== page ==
Carolina lost a meaningless game up in Philly Thursday night, but the
manor of play left plenty to be desired.
Philadelphia's whirlwind, fast-paced, frog-in-a-blender style of
offense was a strong test for a Carolina defense that struggled harder
to control the line of scrimmage than it had against the Bears. The
Eagles, who had lineplay issues last year due to injuries, looked more
to form again; the Panthers' DL appeared powerful and quick, but often
had issues diagnosing.
For instance, Charles Johnson made numerous plays (a batted ball, a
fumble recovery downfield) but on one Lesean McCoy run, Johnson crashed
down (it looked like a busted move on CJ's part, but it appeared to make
sense for the scrape exchange move - problems being that Johnson was
juked, and the LB looping around never showed) and left a massive hole.
Greg Hardy made a nice couple of moves in redzone defense, including
forcing the INT on the initial series that floated into Josh Thomas'
Without that INT, it could've been a tougher looking scoreboard at
Carolina trailed, but kept it somewhat close. Unlike the Patriots, the
Panthers didn't attempt to match the Eagles' pace. They attempted to
match their scoring, but to no avail. Carolina ran the ball - with
backups hurt, Deangelo Williams took almost all of the first half
rushes. DW gained 38 yards on 12 rushes, having some nifty runs but
being stuffed a number of times to bring his YPC down. Williams was
also thwarted on a good looking screen run in which a lineman got in his
way, allowing pursuit to arrive.
So, the offense carried some of the same relative issues as the defense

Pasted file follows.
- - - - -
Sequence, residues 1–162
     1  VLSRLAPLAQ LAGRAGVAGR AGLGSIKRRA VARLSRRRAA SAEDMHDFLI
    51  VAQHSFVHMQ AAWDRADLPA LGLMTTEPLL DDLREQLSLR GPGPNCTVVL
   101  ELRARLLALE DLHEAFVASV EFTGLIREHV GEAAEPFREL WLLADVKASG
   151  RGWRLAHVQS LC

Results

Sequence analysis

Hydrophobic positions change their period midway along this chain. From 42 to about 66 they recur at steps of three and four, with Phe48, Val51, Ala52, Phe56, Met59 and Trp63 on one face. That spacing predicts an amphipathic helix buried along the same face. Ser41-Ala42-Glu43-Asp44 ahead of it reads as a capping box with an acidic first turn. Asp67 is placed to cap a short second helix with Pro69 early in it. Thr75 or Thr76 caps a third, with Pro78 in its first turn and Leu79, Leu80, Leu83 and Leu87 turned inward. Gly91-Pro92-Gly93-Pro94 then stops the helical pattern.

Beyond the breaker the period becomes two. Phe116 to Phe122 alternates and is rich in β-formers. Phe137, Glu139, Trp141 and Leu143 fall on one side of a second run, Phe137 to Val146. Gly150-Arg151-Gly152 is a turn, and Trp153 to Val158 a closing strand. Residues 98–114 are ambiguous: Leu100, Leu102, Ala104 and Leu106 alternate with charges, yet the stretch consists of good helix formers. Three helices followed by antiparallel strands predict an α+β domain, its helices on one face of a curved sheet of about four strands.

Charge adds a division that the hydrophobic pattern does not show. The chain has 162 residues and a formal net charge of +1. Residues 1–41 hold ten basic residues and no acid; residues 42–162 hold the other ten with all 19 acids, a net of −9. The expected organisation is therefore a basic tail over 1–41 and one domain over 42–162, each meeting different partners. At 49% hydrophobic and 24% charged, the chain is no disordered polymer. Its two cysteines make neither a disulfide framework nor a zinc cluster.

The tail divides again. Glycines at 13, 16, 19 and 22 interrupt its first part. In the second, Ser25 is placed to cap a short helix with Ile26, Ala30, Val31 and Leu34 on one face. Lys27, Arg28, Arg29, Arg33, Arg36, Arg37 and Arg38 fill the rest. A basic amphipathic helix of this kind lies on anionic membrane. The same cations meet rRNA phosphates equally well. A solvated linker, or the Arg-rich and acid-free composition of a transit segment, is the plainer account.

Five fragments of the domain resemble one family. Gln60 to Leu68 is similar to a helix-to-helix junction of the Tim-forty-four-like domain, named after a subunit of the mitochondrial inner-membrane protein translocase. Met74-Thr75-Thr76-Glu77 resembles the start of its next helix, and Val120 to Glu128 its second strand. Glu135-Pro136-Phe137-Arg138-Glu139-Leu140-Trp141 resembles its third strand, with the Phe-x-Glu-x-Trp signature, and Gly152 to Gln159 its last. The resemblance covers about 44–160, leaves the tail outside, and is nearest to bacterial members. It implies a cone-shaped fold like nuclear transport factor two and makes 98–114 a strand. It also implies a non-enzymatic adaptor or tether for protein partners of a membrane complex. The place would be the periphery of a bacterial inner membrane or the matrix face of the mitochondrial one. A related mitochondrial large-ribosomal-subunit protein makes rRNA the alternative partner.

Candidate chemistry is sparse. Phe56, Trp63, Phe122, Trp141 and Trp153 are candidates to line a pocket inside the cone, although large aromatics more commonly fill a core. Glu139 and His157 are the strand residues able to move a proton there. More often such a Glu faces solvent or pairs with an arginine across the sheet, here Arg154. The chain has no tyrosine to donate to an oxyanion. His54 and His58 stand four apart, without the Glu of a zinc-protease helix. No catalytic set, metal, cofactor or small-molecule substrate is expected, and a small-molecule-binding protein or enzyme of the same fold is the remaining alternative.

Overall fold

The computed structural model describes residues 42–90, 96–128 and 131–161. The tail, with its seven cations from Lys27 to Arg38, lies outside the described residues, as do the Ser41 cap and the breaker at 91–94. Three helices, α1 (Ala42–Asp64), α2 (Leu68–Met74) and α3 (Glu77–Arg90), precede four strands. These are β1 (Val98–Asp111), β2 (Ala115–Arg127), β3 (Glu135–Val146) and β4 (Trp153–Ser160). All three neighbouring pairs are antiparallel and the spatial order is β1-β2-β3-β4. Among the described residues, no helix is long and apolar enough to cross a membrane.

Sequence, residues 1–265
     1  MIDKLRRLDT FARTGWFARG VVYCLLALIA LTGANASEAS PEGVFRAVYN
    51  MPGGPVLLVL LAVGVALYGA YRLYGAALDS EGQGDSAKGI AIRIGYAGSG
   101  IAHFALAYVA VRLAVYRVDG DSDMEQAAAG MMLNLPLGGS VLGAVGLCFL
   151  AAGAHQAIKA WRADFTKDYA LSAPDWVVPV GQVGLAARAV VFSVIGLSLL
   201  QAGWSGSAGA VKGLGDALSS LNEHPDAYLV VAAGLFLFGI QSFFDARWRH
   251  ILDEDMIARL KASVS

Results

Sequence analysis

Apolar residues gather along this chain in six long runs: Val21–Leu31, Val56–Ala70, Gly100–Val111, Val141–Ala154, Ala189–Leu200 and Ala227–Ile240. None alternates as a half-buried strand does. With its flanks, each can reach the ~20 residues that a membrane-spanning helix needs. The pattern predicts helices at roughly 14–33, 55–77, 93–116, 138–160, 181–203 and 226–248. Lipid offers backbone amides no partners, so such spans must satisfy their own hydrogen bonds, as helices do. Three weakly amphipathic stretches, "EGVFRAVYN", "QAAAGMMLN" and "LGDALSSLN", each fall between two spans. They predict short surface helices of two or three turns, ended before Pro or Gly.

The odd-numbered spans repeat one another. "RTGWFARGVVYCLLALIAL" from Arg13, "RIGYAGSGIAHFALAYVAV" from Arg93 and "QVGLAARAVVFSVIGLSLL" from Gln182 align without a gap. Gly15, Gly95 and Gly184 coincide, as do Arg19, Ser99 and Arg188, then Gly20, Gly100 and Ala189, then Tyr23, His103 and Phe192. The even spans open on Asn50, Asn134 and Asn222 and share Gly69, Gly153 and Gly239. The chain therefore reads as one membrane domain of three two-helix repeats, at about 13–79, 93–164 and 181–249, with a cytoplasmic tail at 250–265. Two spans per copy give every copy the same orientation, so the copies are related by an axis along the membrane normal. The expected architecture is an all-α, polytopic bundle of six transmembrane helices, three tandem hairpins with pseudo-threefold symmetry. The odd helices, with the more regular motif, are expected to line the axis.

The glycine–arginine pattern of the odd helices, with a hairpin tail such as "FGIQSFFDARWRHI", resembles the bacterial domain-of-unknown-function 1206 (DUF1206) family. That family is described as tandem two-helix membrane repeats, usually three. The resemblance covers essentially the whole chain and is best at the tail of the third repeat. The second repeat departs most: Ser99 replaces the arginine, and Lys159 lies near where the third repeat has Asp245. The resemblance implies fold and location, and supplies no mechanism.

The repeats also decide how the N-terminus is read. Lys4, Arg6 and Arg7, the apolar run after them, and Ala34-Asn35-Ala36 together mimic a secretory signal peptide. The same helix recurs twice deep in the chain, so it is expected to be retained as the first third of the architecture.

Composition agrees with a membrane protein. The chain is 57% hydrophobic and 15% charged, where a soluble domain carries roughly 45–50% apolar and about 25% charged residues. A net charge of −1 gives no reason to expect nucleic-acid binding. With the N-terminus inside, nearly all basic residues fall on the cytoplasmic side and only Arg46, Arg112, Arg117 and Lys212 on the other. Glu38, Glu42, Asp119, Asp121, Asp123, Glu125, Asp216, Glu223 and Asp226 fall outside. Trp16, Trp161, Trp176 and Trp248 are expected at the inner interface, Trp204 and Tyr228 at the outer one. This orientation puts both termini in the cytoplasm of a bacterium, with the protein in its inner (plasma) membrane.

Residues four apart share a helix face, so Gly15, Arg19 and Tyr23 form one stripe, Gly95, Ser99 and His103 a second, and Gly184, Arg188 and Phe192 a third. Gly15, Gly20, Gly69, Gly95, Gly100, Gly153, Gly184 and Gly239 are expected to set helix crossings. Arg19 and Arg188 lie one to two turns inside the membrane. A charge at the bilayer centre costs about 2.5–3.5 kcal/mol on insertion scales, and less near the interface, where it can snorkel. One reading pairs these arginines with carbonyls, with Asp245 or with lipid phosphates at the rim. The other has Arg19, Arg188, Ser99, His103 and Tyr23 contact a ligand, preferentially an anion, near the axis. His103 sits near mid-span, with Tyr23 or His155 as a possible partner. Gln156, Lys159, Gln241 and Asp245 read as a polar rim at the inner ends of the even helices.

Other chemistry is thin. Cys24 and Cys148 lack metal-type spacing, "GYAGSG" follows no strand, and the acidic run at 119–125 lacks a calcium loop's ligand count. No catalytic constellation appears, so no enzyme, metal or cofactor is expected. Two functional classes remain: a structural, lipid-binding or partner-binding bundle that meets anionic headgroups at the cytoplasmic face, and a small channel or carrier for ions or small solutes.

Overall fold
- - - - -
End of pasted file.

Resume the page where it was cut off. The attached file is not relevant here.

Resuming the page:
early - lack of intensity, not being on quite the same page. Cam Newton
and Steve Smith had a few struggles getting together; Newton finished
8/17, not terribly efficient. Newton didn't make any terrible reads,
but struggled a little more with accuracy. Comparatively, Newton threw
deeper than last week, anecdotally (I haven't charted him), so some of
that will come. But in total, the offense just didn't have consistency
and didn't finish in the redzone - first time the team hasn't scored a
TD offensively since 2010.
At WR, it was a good night for David Gettis (5 catches, 82 yards)
including a nifty sideline catch that has Gettis' improvement showing.
Always a body catcher, Gettis hasn't had the problems with drops that
other receivers have (with admittedly fewer data points) but the body
catching is its own problem (and there's logic behind that; you can be a
lot more open if your catching radius is your reach, not the reach of
your number). Gettis' night would've been complete had he brought in a
deep ball he dove for, but you can let that one go most days.
Ted Ginn pulled down a couple of balls playing as the 3rd WR, better
than his one catch with the backups on 7 targets. Ginn won't get a ton
of targets in the regular season, so he needs to make the most of them.
Brandon LaFell didn't get any targets that I remember. Kealoha Pilares
didn't do anything of real worth. The tight ends didn't pull off
anything exceptional, the best coming from FB/TE Richie Brockel snaking
his way up the sideline on the only pass I remember him catching.
The offense and defense came out of the second half with more
intensity, and more production, but the scores didn't follow. An
uninspiring effort against a weird opponent, it's not time to freak out,
but it's not ideal either.